Until the end, bin Laden remained fixated on mounting another large-scale attack on the U.S., prodding one deputy, "It would be nice if you could nominate one of the qualified brothers to be responsible for a large operation against the U.S. It would be nice if you would pick a number of the brothers not to exceed 10 and send them to their countries individually without any of them knowing the others to study aviation."

Bizarrely, he complained that Faisal Shahzad--a U.S. citizen of Pakistani heritage trained by the Pakistani Taliban, who had tried to blow up an SUV in Times Square on May 1, 2010--had broken the oath of allegiance he had sworn to the U.S., and he tut-tutted that "it is not permissible in Islam to betray trust and break a covenant." This seeming aversion to recruiting U.S. citizens narrowed the available options. In any case, his top deputy Ayman al-Zawahiri pushed back, telling bin Laden it was much more realistic to attack American soldiers in Afghanistan than civilians in the U.S.

Indeed, by the spring of last year, bin Laden and his men hadn't mounted a successful attack in the West since the July 7, 2005, transportation bombings in London. And al-Qaeda had, of course, never managed to pull off a successful attack in the U.S. after Sept. 11, 2001.

Launching Neptune's Spear

At 1 P.M. E.T. on Sunday, May 1, as night fell 7,000 miles to the east, in Pakistan, President Obama's war Cabinet began to gather in the Situation Room. The White House national-security team had set up secure communications there, connected to Vice Admiral William McRaven, commander of the Joint Special Operations Command (JSOC), who was by now in Jalalabad, in eastern Afghanistan. The Sit Room was also in secure communication with Leon Panetta's offices at the CIA headquarters and the Ops Center in the Pentagon, where a team of some 30 officers was standing by to respond to any contingency. At 2 p.m., Obama entered the Sit Room for the final meeting with his national-security team as Operation Neptune's Spear commenced. At 2:05 p.m., Panetta began one more overview of the operation.

It was now past 11 p.m. in Abbottabad, and the bin Laden household was in bed. Given the time difference between Afghanistan and Pakistan, it was just past 10:30 p.m. in Jalalabad, where the U.S. Navy SEAL team, consisting of 23 "operators" and an interpreter, were preparing to board two Black Hawk choppers. The men carried small cards filled with photos and descriptions of bin Laden's family and the members of his entourage who were believed to be living at the compound. Also along for the operation was a combat dog named Cairo, wearing body armor just like his SEAL teammates.

Half an hour later, at about 11 p.m. local time, the two Black Hawks took off from the Jalalabad airfield and headed east toward the border with Pakistan, which they would cross in about 15 minutes. The choppers were MH-60s, modified so as to remain undetected by Pakistani radar stations, which were in peacetime mode, unlike the radar facilities on the border Pakistan shared with its longtime enemy India, which were always on heightened alert. Painted with exotic emulsions to help them evade detection, the modified MH-60s gave off a low heat signature in flight. Their tail rotors had been designed to make them less noisy and less susceptible to radar identification. On top of that, the helicopters flew "nap of the earth," which means perilously low and very, very fast--only a few feet above the ground, driving around trees and hugging the riverbeds and valleys that lace the foothills of the Hindu Kush mountain range. This also made them harder to detect by radar. After crossing the border, the choppers swung north of Peshawar and its millions of residents and eyeballs. The total flight time to the target was about an hour and a half, the distance about 150 miles.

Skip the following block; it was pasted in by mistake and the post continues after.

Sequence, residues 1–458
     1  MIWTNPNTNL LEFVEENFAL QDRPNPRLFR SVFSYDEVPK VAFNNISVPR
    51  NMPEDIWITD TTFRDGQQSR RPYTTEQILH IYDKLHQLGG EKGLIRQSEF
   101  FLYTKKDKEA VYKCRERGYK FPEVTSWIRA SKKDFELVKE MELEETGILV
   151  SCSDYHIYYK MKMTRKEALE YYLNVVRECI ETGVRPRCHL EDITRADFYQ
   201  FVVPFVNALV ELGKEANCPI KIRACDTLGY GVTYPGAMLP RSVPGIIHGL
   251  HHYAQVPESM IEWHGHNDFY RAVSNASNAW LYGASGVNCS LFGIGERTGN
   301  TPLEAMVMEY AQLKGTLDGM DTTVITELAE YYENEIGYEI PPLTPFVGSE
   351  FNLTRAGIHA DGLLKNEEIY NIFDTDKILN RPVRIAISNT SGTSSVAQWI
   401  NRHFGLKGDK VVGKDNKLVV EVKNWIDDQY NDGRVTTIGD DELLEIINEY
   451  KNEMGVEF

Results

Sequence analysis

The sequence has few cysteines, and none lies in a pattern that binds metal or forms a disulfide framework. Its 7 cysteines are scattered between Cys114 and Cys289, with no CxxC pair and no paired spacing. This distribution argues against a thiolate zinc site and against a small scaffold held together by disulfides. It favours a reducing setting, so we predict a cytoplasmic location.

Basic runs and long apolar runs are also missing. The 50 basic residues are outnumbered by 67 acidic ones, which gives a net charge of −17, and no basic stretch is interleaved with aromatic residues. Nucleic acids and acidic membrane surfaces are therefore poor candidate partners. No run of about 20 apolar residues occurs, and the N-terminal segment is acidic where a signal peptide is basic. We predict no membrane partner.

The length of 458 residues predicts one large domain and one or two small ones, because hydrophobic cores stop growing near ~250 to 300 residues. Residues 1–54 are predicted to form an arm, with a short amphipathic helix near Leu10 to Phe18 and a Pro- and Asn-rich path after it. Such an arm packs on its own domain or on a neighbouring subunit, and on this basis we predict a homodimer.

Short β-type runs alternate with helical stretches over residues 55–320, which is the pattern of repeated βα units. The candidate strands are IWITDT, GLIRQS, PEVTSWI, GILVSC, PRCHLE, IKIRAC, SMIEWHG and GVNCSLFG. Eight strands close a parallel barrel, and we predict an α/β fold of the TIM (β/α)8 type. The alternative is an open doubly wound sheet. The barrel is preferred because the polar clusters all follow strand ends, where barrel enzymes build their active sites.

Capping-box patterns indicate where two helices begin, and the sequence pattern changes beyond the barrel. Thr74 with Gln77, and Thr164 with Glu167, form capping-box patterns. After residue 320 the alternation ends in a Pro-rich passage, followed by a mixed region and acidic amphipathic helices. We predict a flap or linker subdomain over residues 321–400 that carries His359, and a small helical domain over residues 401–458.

Adjoining the White House Situation Room, which can accommodate more than a dozen senior officials at a large, highly polished wooden table and a couple dozen more staffers on the backbencher seats along the walls, is a much smaller meeting room. Like the Sit Room, this room has secure video and phone communications, but it has only a small table and can comfortably accommodate only seven people. In this room was Brigadier General Marshall "Brad" Webb, assistant commanding general of JSOC, dressed in a crisp blue Air Force uniform festooned with ribbons, to monitor the SEAL teams in real time on a laptop, together with another JSOC officer. On the monitors of the small conference room, grainy video of the unfolding raid was fed in from a bat-shaped RQ-170 Sentinel stealth drone flying more than two miles above Abbottabad.

Michael Leiter, director of the National Counterterrorism Center, went into the small conference room to watch the feed from the stealth drone and was soon followed by members of Obama's Cabinet. "Slowly, onesies and twosies, they kept poking their heads in," Leiter recalls. Vice President Joe Biden drifted in, then Defense Secretary Robert Gates and Secretary of State Hillary Clinton, and suddenly the room was full, with many of Obama's top intelligence and counterterrorism officials jammed up against the walls or stuck outside, peering through the doorway to get a better look at the unfolding drama. Obama then stepped in, announced, "I need to watch this," and settled into a chair off to one side of the cramped room, next to Webb. (It was here, not in the Sit Room proper, that the famous image of the President and his team would be taken.)

The Black Hawks carrying the SEALs approached Abbottabad from the north-west. Once the helicopters reached their destination, the carefully planned operation began to unravel. As the first chopper tried to land in the largest courtyard in the compound, it suddenly lost altitude. The additional weight of the stealth technology and the higher-than-expected temperatures in Abbottabad had degraded its performance, amplifying an aerodynamic phenomenon known as settling with power--an unexpectedly fast drop. When the SEALs had practiced the maneuver on a replica of the compound in the States, the compound's outer walls had been represented by a chain-link fence, whereas the actual walls were made of concrete. The thick walls likely gave more energy to the Black Hawk's rotor wash and contributed to the chopper's instability. The tail of the craft clipped one of the compound walls, breaking off the critical tail rotor. Now the pilot could no longer control the chopper. Relying on his training, he avoided a potentially catastrophic crash by burying the helo's nose in the dirt in the large yard where the compound occupants grew crops. Because of his quick thinking, the SEALs in the chopper did not sustain serious injuries and were able to clamber out of the downed bird.